Rep. Chu fights for tough hazing policies after nephew’s death

For Rep. Judy Chu (D-Calif.), military hazing hits too close to home.

Chu’s nephew, Marine Lance Cpl. Harry Lew, committed suicide in Afghanistan last year after he was beaten and hazed while serving there.


Now Chu has become an outspoken critic of the military's hazing policies, accusing the services of brushing off the issue.

Last month she and other Democrats called for a congressional hearing on military hazing, which the Armed Services Committee held on Thursday. Chu and two other Democrats sat in on the hearing to question military officials.

“It’s a difficult matter to talk about in such a public setting, but I feel like I have to,” Chu told The Hill.

Chu shared the details of her nephew’s hazing with the military officials at the hearing, saying Lew, 21, was beaten and sand was poured on his face after he fell asleep while on guard.

“Finally, 22 minutes after they stopped, at 3:43 a.m., Harry climbed into a foxhole and killed himself with his own gun,” Chu said.

“And what punishment was given? Virtually nothing,” she said. “In Harry's case three Marines were charged, one Marine was given just one month in confinement, two were found not guilty by a jury of their peers, fellow Marines.”

Of the three Marines charged in the case, one was given 30 days' confinement and a reduced rank and the other two were acquitted last month.

The senior military officials for the services said that hazing is not tolerated in the military and is not a widespread problem.

“The small-unit leadership failed. I wish I could take it all back. We should have done better,” Sgt. Maj. of the Marine Corps Michael Barrett told Chu. “But we are aggressively attacking these societal concerns as hard as we could possibly take them, and you have our assurance on that.”

Sgt. Maj. of the Army Raymond Chandler III echoed Barrett. “Let me give you the bottom line up front: Hazing has no place in our Army,” he said. “We will not tolerate hazing in any form, and we will hold those in violation of this policy accountable for their actions.”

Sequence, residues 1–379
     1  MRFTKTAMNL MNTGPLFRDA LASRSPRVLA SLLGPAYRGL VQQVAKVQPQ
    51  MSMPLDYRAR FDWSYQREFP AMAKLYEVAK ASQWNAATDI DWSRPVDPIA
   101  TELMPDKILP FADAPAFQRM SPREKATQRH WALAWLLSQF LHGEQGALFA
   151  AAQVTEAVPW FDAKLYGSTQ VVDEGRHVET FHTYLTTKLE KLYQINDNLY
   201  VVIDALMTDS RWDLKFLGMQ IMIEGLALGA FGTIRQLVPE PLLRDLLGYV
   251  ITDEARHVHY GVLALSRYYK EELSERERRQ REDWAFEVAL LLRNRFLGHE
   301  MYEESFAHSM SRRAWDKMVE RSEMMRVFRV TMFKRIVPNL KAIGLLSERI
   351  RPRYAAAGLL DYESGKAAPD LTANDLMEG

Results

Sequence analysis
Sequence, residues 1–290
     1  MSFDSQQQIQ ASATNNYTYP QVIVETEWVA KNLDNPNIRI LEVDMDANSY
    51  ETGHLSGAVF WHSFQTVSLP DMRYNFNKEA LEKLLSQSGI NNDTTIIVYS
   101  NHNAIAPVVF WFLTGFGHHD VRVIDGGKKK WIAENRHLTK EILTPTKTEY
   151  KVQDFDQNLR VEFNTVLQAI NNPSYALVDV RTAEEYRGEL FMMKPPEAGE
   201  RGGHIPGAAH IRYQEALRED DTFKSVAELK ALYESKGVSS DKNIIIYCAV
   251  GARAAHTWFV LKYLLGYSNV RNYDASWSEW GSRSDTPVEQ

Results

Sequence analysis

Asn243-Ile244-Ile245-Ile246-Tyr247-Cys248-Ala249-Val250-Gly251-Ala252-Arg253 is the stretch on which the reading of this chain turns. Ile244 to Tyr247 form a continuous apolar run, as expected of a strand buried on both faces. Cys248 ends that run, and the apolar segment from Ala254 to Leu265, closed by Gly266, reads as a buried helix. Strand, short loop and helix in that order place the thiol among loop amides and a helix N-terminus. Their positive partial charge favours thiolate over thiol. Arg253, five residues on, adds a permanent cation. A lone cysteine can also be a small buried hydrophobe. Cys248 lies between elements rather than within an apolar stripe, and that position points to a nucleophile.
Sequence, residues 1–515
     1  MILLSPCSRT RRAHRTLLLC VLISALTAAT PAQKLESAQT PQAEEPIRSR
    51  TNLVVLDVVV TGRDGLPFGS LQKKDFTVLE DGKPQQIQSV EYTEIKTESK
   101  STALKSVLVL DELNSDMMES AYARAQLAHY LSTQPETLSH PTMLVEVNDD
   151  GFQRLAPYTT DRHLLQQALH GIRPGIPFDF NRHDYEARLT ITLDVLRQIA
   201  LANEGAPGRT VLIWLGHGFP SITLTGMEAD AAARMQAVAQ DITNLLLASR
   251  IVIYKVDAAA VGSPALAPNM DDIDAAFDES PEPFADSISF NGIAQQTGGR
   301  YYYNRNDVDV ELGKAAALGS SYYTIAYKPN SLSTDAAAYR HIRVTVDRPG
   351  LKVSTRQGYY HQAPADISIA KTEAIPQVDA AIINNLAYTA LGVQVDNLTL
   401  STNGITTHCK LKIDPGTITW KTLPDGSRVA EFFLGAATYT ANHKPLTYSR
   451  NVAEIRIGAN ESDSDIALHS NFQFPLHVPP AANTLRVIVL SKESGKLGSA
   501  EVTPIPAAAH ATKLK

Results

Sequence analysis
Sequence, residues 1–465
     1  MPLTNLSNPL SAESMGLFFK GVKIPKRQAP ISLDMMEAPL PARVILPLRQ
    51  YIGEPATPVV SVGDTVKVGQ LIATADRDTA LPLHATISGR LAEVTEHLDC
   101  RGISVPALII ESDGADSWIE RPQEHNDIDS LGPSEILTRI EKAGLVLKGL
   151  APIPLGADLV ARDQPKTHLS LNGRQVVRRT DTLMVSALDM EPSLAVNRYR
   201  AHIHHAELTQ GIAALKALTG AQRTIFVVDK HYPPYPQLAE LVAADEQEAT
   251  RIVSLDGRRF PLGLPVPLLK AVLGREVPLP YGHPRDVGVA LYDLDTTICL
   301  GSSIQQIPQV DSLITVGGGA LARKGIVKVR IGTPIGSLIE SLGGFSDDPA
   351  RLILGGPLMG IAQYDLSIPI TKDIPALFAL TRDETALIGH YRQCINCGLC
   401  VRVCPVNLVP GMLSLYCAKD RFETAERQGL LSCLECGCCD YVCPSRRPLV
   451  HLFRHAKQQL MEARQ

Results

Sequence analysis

Despite the military officials’ assurances, Chu said afterward that she “did not hear anything” to satisfy her concerns.

“I thought that they continued to say what they always say, that they prohibit hazing and that these were isolated incidents,” Chu said. “I would have liked to have heard anything that would indicate that they are changing their policies and are taking hazing seriously.”

Chu and others took particular issue with the lack of statistics available on hazing in the services, which the military officials acknowledged needed improvement.           

Barrett said that the Marines have started reporting and tracking allegations and confirmed cases of hazing.

Chandler talked about how much the culture has changed from 30 years ago when he was a private, and said that systematic hazing practices are not tolerated anymore.

“My experience in the Army is that we do not have large incidents of hazing throughout the service,” he said. “But we still have incidents like have happened here recently that cause great concern.”

Lew’s death, along with the case of Army Pvt. Danny Chen, who likewise committed suicide last year after a hazing incident in Afghanistan, have given the issue of hazing a public face. Eight people are facing charges in Chen's case.

Chu has been outspoken about Lew’s suicide since it occurred last year, and she organized the press conference calling for the hearing shortly after the first Marine in Lew’s case was given a 30-day sentence.

She said she wants to see the services start keeping better statistics on hazing incidents, and that the penalties for hazing need to be increased.

“Watching Harry’s parents go through all of this, they’re at the trial all those weeks — and just then to see that two of the three were let go with [a] not-guilty charge,” Chu said Thursday. "I believe that they do not take it seriously."